International Women’s Day left behind mixed feelings. Heartwarming was this statement: “I didn’t climb the Everest with an amputated leg. I did it all with my heart and mind,” said Arunima Sinha on becoming the first female amputee to do so. The message is clear: look at your strengths and not shortcomings.
Signals from the developed world were mixed. Charlotte Valeur, the new chair of UK’s very influential Institute of Directors accused Britain’s biggest companies of stalling the entry of female and ethnic minority directors saying there weren’t enough qualified people in this group. “Do we really think that’s difficult? It’s a lie. It’s not difficult,” she said. In one year the percentage of women on FTSE 250 company boards increased only marginally — from 22.8 to 23.7 per cent; with FTSE 100 companies performing equally dismally, going up from 27.7 to 29 per cent. In Italy, representatives of a far-right political group came under fire from women for an explicitly sexist leaflet, while talking about women’s “natural role” being to “support life and the family”. Even though cliched and patronising, nothing wrong in it, had the pamphlet stopped at that. But it added this “natural role of women” was harmed by “those who claim self-determination that arouses rancorous attitudes towards men!” Predictably, three female ministers in the Government jointly condemned this stance.
But it was really the New Zealand Prime Minister Jacinda Ardern who won hearts and minds across the world through her compassionate, and yet firm, response to the terror attack on two mosques in Christchurch, New Zealand, that gunned down 50 worshippers. In a world where machismo is considered a hallmark of good leadership, she stood up and said unequivocally: “We represent diversity, kindness, compassion, and are a home for those who share our values, and refuge for those who need it. You may have chosen us, but we utterly reject and condemn you.” Taking a cue from her, New Zealanders came out in droves to support the Muslim community, and on social media smitten fans from across the world called her “my hero, a pure soul, awesome leader” and so on.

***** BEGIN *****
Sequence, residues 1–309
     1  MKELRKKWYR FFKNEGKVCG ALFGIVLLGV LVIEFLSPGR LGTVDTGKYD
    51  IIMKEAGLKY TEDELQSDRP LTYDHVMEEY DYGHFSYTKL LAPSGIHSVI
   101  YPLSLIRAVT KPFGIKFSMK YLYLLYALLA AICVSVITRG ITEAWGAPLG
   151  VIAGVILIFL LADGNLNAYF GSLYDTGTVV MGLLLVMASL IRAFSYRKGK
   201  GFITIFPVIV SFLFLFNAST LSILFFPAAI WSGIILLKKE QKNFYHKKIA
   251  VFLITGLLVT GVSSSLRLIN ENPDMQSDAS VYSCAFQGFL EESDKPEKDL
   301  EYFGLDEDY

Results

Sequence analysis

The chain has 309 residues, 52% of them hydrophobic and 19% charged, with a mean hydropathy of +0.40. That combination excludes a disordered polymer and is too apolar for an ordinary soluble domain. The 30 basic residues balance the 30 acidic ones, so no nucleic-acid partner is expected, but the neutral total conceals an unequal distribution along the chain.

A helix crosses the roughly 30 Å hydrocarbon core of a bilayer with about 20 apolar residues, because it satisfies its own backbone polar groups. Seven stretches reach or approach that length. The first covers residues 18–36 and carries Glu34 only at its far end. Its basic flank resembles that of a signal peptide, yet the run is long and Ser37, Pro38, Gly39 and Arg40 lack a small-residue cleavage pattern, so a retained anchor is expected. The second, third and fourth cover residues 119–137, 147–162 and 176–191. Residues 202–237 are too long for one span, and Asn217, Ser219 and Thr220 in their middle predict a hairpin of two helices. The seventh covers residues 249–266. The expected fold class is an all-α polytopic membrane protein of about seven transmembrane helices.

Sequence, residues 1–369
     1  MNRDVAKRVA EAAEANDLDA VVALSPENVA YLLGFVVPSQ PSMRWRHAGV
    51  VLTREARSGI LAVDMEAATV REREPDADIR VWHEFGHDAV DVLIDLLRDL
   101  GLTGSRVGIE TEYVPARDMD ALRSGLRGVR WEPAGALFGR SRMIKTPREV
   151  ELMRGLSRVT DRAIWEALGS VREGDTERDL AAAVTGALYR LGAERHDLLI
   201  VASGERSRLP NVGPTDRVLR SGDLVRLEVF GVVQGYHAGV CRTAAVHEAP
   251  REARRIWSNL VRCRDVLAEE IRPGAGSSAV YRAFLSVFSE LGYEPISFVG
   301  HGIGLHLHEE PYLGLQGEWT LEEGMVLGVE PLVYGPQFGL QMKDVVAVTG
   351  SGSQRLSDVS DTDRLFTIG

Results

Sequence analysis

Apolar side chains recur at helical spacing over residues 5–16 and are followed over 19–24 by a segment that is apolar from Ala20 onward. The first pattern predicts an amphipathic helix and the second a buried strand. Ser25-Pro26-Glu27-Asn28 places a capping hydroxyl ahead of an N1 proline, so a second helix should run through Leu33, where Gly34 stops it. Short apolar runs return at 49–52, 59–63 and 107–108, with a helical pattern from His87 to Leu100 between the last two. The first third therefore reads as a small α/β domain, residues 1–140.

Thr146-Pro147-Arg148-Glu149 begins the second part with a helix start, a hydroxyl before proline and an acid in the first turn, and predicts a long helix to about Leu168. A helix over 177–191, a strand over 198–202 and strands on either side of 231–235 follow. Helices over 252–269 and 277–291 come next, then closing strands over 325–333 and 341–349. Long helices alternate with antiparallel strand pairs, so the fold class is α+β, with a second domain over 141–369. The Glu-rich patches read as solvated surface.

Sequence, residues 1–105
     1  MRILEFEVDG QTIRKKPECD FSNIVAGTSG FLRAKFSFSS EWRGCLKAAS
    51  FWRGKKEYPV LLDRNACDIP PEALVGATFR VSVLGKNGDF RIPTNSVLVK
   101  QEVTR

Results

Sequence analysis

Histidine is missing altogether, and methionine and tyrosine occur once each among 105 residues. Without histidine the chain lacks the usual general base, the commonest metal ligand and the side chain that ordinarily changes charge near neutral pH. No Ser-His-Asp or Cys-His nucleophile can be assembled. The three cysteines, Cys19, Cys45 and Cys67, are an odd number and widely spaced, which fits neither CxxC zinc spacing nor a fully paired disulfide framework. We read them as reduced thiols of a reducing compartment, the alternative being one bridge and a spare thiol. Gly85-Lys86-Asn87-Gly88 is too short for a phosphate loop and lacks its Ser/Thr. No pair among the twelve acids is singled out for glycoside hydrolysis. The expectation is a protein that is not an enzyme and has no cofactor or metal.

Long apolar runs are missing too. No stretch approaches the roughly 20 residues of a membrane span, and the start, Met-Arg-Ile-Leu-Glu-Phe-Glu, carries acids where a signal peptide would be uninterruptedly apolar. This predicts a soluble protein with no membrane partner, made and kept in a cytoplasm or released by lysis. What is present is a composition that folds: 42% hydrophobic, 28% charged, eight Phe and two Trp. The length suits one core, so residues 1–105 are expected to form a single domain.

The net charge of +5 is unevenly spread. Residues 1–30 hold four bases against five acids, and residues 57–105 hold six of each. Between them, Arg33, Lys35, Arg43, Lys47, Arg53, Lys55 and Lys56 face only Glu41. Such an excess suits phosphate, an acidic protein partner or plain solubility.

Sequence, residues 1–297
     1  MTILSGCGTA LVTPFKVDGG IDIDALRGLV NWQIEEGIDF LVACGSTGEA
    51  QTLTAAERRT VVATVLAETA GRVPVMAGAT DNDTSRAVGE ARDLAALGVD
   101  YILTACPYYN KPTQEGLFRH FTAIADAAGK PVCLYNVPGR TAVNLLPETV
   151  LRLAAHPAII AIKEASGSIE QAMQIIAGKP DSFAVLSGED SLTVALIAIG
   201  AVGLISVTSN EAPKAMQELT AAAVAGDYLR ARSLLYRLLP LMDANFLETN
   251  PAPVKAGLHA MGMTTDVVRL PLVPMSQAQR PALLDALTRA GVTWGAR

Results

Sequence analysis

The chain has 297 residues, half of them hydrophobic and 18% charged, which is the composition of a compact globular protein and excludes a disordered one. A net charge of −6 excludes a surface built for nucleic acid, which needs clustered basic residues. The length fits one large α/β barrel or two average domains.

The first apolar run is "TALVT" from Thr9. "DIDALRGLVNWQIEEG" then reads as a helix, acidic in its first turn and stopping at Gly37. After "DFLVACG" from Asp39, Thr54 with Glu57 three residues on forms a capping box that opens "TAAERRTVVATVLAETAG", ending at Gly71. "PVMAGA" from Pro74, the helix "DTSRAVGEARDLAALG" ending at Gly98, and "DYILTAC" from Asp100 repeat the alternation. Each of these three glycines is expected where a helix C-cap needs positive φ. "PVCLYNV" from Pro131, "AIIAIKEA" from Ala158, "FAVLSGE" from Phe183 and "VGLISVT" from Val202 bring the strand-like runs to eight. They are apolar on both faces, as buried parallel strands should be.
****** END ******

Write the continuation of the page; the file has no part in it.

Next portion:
In India, women’s rights and the injustice meted out to them in a patriarchal society, that grandiosely put women on the pedestal as Sita or Durga and other goddesses, but harassed, abused and even burnt them for dowry, came into sharper focus after the Emergency. It was a dark era when human rights and civil liberties were crushed and as India reawakened to redefine these, women’s rights and discrimination against them were readdressed. Forty-two years later, we’ve made progress, but how much can be judged by your propensity to see the glass as half full or half empty.
The push for legal reforms to safeguard women’s rights, cutting across religions and communities has yielded results. A Muslim man can no longer say Talaq three times and discard his wife. Thanks to the Supreme Court, women of all ages can now visit the Sabarimala temple. But while these hard-won battles taste sweet, a lot more needs to be done for women from disadvantaged sections of our society.
Rotary itself began late enough in opening its membership to women in 1987, and at the intervention of the US Supreme Court. We should be proud that it was an Indian Rotary Club — RC Ahmedabad — that proposed way back in 1950… yes, 1950, that “male” be deleted from the Standard Rotary Club Constitution, but this was rejected by the CoL at the 1950 Detroit Convention. Attempts continued and in 1977, an American club defied this diktat and admitted women members, only to be terminated! Ten years later, this was overturned by the US apex court and now, to the credit of senior RI leadership, a concerted effort is being made to get more women members.
So you see… the wheel does turn!